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Angels TV anyone? Arte thinks so


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Angels' owner Moreno may buy TV station to carry games

By Bill Shaikin, Los Angeles Times

The Angel Channel could be coming to your television in the next few years, bringing baseball into your home live from Anaheim and points beyond.


However, as the city wages a legal battle to keep its name on the team, owner Arte Moreno might consider whether to explore options for moving the team from Anaheim.


Although Moreno said Thursday he remains committed to Anaheim, he also said he has been contacted by representatives of other locations interested in luring the Angels.


"Yes, people talk to us," Moreno said. "Obviously, we're in a lawsuit with the city of Anaheim. Why wouldn't everybody else around start thinking that we're in an old stadium and we're not happy?"


Angel Stadium opened in 1966, with a $118-million renovation completed in 1998. The Angels' lease extends through 2029, but they can terminate the agreement in 2016 by paying an estimated $12-million fee.


Moreno, asked whether the lawsuit might prompt him to consider searching for a new stadium and a way out of Anaheim before 2016, refused to comment.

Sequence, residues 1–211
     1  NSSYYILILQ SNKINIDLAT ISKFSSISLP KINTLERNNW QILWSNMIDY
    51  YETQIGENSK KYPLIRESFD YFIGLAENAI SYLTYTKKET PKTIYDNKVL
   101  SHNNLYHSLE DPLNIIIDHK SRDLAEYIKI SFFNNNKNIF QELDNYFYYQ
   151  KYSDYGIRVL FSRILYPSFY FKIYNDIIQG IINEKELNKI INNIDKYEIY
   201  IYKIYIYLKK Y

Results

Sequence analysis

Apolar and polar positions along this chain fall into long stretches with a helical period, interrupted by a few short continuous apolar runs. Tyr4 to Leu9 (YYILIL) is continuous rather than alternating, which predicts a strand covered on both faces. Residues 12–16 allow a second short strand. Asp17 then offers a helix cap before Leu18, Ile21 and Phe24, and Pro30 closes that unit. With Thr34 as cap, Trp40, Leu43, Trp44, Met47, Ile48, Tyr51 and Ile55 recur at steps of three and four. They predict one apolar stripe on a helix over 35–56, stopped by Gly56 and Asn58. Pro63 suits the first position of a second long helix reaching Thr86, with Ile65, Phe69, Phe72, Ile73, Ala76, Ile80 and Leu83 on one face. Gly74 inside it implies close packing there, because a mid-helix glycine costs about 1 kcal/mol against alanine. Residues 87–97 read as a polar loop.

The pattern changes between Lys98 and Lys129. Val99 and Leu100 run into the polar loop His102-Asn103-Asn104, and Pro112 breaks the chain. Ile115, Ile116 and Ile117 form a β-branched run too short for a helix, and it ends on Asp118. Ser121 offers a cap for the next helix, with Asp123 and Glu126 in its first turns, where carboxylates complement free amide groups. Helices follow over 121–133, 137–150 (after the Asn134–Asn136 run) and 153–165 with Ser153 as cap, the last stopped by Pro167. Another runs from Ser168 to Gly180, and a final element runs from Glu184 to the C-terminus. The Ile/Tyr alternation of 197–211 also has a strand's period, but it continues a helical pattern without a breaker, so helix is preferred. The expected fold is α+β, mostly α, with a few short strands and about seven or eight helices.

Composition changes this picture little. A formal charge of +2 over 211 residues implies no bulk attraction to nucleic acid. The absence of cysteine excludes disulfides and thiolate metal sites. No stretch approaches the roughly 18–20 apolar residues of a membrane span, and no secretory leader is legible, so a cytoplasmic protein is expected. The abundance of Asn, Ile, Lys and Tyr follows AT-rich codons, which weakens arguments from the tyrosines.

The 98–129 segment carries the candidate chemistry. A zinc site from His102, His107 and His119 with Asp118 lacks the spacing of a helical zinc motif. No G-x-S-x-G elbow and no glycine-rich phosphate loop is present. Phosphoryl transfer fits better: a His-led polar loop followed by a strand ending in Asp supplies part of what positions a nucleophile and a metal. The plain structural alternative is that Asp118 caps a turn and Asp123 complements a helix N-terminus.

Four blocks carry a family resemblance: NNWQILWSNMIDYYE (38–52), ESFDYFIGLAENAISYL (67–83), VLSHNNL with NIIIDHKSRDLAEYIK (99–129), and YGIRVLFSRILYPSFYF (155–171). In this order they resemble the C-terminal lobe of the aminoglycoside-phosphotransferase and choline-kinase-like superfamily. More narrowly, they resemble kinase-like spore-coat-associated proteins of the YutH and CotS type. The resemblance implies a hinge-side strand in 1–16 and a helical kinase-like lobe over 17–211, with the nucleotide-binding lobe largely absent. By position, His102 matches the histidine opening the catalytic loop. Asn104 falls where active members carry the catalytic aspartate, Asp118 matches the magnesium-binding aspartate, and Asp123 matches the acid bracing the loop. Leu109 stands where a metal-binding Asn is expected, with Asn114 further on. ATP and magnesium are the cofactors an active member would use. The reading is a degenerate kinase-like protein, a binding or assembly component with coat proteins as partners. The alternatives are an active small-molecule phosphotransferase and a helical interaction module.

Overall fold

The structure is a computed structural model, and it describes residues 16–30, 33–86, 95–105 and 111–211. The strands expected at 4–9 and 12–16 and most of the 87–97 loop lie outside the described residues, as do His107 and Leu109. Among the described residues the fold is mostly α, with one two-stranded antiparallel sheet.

Mayor Curt Pringle said the City Council considered the possibility Moreno might ultimately look for a new home before authorizing the suit, which contends that the new Los Angeles Angels of Anaheim name violates the lease.


"We looked at every ramification," Pringle said. "We also feel we shouldn't be pushed around, and neither should the taxpayers. It's a shame he may be thinking those things. All we've been asking him is, don't make up the rules to the deal, just live by them."


Moreno said that changing the name from Anaheim Angels should help broaden the team's appeal and generate more revenue by reminding broadcasters and advertisers the team plays in the second-largest media market in the country, although he acknowledged he does not yet have "hard evidence" to back up his theory.


He described the Angels' current media deals as "a Little League media package," claiming the Milwaukee Brewers have a better television deal than the Angels and that the Seattle Mariners make three times as much in radio revenue.


With Channel 9 dropping the Angels in favor of the Dodgers next season, he said the team could buy a television station or join with a cable or satellite company in starting one.


He noted the Mets, who have partnered with Comcast and Time Warner on a channel to debut next year, signed Carlos Beltran and Pedro Martinez over the winter. The New York Yankees and Boston Red Sox, the teams that generate the most revenue in the major leagues, each operate a cable channel.


"If you're not looking at what the Yankees and Boston are doing, and now what the Mets are doing, and the Cubs and Braves with superstations, then you've got your head in the sand," Moreno said.


He added, "There's not anything out of the realm of possibility that says we can't buy our own TV station and market ourselves."


The Angels will air 40 games this season on Channel 56, available on most Southland cable and satellite systems. The station could be bought for about $250 million, two sources said.


"We're aware of what's for sale and the round figures of what the prices are," Moreno said.